In the book Suits: A Woman on Wall Street, author Nina Godiwalla provides harrowing details of her time as one of the few women and minority interns at JPMorgan and Morgan Stanley, as well as her first year as an analyst at the latter. According to Godiwalla, the experience was one of overworked days and nights, broken up by expensive dinners and drinking sessions out with clients and co-workers.
The Wharton MBA grad left behind the world of investment banking and corporate marketing and planning to eventually start her company MindWorks. That firm provides, ironically, stress management and meditation training to individuals working at corporations and other professional organizations.
In this Q&A with eFinancialCareers, she offers up an insider's look at the intriguing, perplexing, and stress-ridden world of an analyst.
eFinancialCareers: The book opens with your very first days at JPMorgan's NYC offices, serving as an intern the summer after your freshman year at the University of Texas. While you sound prepared for the work, it's pretty clear that you felt like a fish out of water, given the old money and clubby atmosphere there. What was the experience like working with the mostly male, Ivy League, rich and well connected set? How did being a "Southern" and "middle-class" American woman from an immigrant family work for or against you?
Godiwalla: Being an outsider in this world was similar to walking into a cocktail party where you don't know anyone. It wasn't impossible to navigate; however, it took more effort. It often felt like I had to prove myself rather than get the benefit of the doubt.
eFinancialCareers: Later, you're mentored by senior-level minority professionals at Morgan Stanley, which would seem like a positive thing. But instead, you describe these mentors as rather negative people, offering nothing but provisos as to what not to do? What was that like?
Godiwalla: Many of the senior level minorities had good intentions of trying to look out for the next generation. However, they'd faced much harsher times and did their best to warn us about their experiences. At times, these warnings really felt daunting to someone who was fresh and eager to succeed.
eFinancialCareers: As the only woman in a group of 25 men, there was considerable pressure to work harder than your peers. You do mention the need to act like one of the boys, even when looking at obscene and disgusting images online. You also refer to certain bosses, given their sexist and ethnic slurs, as "lawsuits waiting to happen". Isn't it likely that the institutionalization of company ethics and codes has helped to improve this environment?
Godiwalla: After working at several different organizations, I've noticed that some companies are very diligent about implementing their corporate ethics and others aren't as good. It really depends on the company leadership and overall corporate culture. Even within a large company, it varies depending on your particular group and manager.
eFinancialCareers: Do you still keep in touch with any of the individuals who worked alongside of you? Did they stay in i-banking or provide you with any insight into their experiences? Was the attrition hirer for your female or minority friends?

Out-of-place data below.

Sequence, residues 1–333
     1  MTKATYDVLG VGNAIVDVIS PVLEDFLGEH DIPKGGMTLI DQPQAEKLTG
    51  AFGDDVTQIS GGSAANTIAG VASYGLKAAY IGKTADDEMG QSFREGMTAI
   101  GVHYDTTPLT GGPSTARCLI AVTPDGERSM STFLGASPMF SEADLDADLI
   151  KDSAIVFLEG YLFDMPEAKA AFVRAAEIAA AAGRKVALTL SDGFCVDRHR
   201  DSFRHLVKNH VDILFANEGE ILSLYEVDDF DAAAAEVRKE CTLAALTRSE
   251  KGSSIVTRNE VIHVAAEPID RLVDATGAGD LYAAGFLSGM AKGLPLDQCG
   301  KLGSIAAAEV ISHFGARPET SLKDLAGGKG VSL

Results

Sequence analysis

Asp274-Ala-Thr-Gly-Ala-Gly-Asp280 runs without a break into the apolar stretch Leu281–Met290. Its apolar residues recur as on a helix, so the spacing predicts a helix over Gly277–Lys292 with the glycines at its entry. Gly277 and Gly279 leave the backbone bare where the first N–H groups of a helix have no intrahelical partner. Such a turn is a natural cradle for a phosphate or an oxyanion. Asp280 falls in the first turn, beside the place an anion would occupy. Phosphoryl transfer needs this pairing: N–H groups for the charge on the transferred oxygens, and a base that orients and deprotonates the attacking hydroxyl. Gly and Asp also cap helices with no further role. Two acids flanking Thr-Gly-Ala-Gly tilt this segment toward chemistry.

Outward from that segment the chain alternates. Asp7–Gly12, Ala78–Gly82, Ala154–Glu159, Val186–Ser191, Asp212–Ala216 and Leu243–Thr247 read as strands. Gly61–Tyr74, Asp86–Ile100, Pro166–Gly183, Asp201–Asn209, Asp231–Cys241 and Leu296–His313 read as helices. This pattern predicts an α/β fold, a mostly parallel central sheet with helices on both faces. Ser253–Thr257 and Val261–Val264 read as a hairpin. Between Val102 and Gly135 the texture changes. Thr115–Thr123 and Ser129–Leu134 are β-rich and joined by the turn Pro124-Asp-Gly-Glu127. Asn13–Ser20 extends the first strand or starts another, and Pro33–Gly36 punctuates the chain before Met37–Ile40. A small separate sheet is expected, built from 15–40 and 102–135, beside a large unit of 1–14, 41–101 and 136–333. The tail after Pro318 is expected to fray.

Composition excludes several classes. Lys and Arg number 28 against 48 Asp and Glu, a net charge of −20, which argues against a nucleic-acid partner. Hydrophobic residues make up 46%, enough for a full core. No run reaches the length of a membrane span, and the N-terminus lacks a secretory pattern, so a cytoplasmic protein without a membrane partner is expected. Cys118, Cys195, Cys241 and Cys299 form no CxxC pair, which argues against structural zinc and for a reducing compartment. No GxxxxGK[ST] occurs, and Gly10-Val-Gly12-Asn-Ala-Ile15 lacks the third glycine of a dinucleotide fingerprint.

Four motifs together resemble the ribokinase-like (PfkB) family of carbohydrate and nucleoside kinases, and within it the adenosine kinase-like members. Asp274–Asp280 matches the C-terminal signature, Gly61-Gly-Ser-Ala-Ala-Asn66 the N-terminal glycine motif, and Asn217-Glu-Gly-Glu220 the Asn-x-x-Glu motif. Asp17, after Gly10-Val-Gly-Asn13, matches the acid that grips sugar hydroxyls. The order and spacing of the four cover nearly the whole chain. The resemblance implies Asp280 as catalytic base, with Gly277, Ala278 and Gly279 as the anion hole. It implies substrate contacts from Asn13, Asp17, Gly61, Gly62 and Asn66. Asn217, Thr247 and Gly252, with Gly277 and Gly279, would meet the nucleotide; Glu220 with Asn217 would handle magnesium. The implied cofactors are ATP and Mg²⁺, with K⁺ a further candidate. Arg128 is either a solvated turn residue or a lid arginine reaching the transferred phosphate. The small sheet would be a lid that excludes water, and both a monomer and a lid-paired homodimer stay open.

Godiwalla: I'm still friends with many of the analysts who I worked with. The analyst program is known to have a hazing culture. Most people do it for two years to earn their tickets to the best business school and corporate jobs around the country, and they don't return to investment banking. The majority of my peers from the analyst program didn't return to banking. I also noticed that more of the men stayed in the finance industry than the women.
eFinancialCareers: You make it pretty clear that the unreasonable amount of face time and long-working hours, including routine overnighters, made it impossible for you to have normal relationships with family and friends. Is it possible that this sort of expectation will or has changed in investment banking? Why were the analysts afraid to complain?
Godiwalla: Part of the culture was to push yourself beyond your limits, which at times could be unreasonable and unrealistic. There was definitely a fear that if you said the workload was too much that others may think you couldn't handle it. Since most of the analysts were pretty eager to impress, often the motivation was the fear of what others would think of you.
eFinancialCareers: After Morgan Stanley, you went on to work in business development, strategy and marketing for a number of companies, including Johnson & Johnson and Oxygen Media, before finally founding your company MindWorks in 2009. What was the impetus for that entrepreneurial effort? Do you ever regret leaving the finance world, and what do you think you learned from your time there?
Godiwalla: I started MindWorks so I could work on something I was truly passionate about and create my own corporate culture. Work ethic and time management are two major things I learned in investment banking. Most importantly, I learned more about myself. Now, my definition of success is more balanced. Unlike before, happiness now plays a major factor. There's a certain threshold of money needed to keep me content and after that, there is a diminishing return.